“The first thing you can expect to see is that their language skills really blossom,” says Vogel. “Parents may talk and engage with their kids at home, but it’s nothing compared to being surrounded by children.”
A typical 2-year-old vocabulary of 50-80 words can quickly explode into hundreds, along with complete sentences, descriptions, questions and songs. (Many, many songs.)
“As they begin learning letters and songs, it pushes them to go further and they want to learn more and more,” says Vogel, who has worked at The Boulevard School since 1988 (but actually “grew up” at the school, as her mother was also an employee there).
With that grasp of language also comes something crucial: the ability to use words instead of physicality (pushing, hitting or biting) to communicate.
“At any age, we encourage children to have social skills and use their words to handle conflict,” says Tonia Good, preschool director at the Beverly Hills campus of Page Private School. “Instead of fighting over a toy, we want a child to say, ‘I was using that.’ At this age, children are ‘me me me’ and you want them to use their words or know to ask a teacher for help.”
That advice brought me back to a moment when I saw two little girls at school shoo my son away from the game they were playing. While my mama bear instinct was to intervene, I held back and simply hoped the slight didn’t bother my son in the same way.
“No, you don’t have to ignore it,” says Vogel. “As a parent, you can say, ‘Did you hear what your friend just said? What do you think? Let’s go tell your friend that’s not nice.’ You want to empower children to stand up for themselves.”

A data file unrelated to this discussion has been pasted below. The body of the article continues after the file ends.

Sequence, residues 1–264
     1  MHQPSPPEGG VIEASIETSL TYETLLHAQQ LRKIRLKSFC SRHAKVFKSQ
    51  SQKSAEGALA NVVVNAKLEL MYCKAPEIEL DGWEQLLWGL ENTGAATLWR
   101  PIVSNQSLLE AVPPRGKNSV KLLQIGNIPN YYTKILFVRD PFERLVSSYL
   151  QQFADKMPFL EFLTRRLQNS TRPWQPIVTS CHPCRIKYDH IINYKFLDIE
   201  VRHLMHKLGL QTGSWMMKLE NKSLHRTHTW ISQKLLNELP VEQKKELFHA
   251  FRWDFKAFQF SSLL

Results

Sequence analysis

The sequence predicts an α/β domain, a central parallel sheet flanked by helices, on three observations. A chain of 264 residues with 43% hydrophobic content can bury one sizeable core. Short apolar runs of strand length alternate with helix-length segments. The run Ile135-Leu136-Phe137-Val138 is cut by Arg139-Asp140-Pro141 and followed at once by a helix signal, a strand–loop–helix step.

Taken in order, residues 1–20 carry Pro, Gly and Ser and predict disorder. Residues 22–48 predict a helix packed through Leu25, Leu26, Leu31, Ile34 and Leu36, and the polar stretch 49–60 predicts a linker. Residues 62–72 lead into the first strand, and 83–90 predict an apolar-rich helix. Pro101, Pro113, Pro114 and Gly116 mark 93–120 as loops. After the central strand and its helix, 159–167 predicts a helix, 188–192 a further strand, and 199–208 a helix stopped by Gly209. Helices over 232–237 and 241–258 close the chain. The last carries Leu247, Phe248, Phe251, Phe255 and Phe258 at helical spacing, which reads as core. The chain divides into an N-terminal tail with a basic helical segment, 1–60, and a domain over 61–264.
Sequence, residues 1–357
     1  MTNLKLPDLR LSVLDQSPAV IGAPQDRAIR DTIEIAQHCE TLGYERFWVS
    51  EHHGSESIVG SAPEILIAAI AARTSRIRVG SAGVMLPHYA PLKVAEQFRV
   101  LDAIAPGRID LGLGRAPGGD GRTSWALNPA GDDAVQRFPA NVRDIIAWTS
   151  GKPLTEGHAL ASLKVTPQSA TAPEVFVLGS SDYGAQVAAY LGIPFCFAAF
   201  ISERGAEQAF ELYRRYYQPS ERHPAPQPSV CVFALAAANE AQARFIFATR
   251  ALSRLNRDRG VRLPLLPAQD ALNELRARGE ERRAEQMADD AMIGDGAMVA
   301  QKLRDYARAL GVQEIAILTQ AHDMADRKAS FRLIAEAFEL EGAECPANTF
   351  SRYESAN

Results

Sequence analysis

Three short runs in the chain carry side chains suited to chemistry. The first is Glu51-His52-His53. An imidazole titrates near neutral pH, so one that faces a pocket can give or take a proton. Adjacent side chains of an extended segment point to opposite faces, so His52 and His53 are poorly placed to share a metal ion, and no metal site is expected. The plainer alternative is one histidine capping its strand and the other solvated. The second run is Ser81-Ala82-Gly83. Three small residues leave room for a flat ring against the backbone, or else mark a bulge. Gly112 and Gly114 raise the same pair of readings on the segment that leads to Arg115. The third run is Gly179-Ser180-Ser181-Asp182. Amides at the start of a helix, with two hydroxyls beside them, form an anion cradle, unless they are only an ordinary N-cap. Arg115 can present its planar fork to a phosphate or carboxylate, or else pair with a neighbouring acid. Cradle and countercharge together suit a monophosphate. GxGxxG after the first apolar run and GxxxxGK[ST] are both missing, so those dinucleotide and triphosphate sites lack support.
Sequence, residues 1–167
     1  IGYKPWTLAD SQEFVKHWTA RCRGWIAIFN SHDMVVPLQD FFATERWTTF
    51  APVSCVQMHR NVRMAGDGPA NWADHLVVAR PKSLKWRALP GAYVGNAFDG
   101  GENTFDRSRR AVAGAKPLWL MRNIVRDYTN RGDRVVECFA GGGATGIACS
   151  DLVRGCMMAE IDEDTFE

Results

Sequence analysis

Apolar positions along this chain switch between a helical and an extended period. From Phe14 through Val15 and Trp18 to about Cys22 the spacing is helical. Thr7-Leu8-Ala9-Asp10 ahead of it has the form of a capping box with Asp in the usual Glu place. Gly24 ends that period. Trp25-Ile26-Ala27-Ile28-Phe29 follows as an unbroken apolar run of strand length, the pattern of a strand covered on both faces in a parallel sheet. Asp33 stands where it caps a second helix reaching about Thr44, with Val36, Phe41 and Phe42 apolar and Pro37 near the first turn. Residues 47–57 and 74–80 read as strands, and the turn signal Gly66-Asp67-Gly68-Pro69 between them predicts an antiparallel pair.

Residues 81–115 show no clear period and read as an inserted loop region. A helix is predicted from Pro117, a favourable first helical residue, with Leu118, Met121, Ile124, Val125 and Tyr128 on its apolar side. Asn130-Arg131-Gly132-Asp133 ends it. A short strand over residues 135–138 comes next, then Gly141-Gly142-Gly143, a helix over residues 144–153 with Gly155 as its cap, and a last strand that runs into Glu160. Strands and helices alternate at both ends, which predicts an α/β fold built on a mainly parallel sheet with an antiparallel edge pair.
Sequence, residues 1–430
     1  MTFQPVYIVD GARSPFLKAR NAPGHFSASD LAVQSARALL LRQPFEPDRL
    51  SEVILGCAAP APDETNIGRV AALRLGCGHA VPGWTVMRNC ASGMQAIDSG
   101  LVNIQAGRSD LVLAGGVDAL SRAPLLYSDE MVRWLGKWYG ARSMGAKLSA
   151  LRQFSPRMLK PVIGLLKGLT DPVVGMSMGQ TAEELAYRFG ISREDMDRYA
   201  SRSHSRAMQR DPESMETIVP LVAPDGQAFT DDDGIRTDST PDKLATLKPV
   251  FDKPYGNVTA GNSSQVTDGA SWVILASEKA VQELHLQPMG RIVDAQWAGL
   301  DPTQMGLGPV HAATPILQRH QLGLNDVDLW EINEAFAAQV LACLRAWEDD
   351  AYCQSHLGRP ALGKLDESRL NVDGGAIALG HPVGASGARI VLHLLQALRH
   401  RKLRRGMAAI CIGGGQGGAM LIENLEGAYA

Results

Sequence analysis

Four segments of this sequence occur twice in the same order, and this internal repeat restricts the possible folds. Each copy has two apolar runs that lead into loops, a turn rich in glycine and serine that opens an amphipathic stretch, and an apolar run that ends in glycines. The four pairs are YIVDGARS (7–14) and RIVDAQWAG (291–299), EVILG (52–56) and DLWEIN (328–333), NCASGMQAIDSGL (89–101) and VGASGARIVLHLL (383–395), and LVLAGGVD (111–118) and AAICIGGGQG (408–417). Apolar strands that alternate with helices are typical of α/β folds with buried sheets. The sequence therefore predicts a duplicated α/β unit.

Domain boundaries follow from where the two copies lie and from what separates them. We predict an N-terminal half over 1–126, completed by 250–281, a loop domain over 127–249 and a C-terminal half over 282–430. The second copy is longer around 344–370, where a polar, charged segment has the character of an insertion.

Along with these basic social graces comes a skill so important — and so wonderful — that it’s practically worth the price of preschool admission on its own: cleaning up after themselves.
As parents, we’re accustomed to catering to the needs of tiny people and, let’s face it, it’s a lot faster to do most things ourselves. But, when encouraged by busy preschool teachers, it turns out that 2- and 3-year-olds love the responsibility of doing things for themselves. Just imagine a child who’s not only jazzed about putting away his or her toys, but who does it while singing the “Clean Up” song.
“Preschool isn’t just baby day care,” says Janice Kim, school director of Page Private School. “We believe even at age 2 or 3, they can achieve being disciplined and independent at the next level.”
Experts suggest reinforcing independent behavior at home (yes, things will take longer) and cementing preschoolers’ abilities by queuing up multi-step tasks. By age 3, children should be able to follow three-step directions and by age 4, four-step directions should be manageable.
That said, every child develops differently, which is where the inevitable comparisons enter the picture. It’s impossible not to do a side-by-side of your child versus his or her peers. Who has a bigger vocabulary? Which ones are jumping around during play time versus quietly stacking blocks? And what’s up with the kid who just dumped a bowl of Cheerios on the table?
“A parent came to me and said, ‘My child is dyslexic,’ and I said, ‘Your child is 3 years old!’” laughs Vogel. “There may be something going on, but it’s way too early, so we tell them to relax and don’t compare with other kids.”
Ready To Take On the World
Even as I marvel over my child’s language skills and delight in the fact that he talks so fondly about his friends and teachers, I often wonder whether we are pushing him too hard and too early. What happened to letting young kids enjoy being kids?
What happened is that kindergarten changed, each preschool director agrees.
“Kindergarten programs are much more accelerated,” says Vogel. “When I was in school, it was play based, and now they are expected to sit, listen, write and recognize shapes and letters.”
While preschool isn’t necessarily “required” for kids ages 2 or 3, it’s highly encouraged that 4- and 5-year-olds have formal preschool or pre-kindergarten education to help prepare them academically and behaviorally for kindergarten.
As for Bryce, the little boy who struggled for so long with anxiety, his parents remain consistent and focused in their goals. Part of their motivation is to make sure their son is prepared for kindergarten when the time comes, and it’s also about the bigger picture.
“Preschool is the first baby step toward independence,” says Brizuela. “There’s a whole world out there, and I want him to be secure enough to go out there and explore. Home will always be there for him.”
Sarika Chawla is a local writer, L.A. Parent contributor and mom to a preschooler.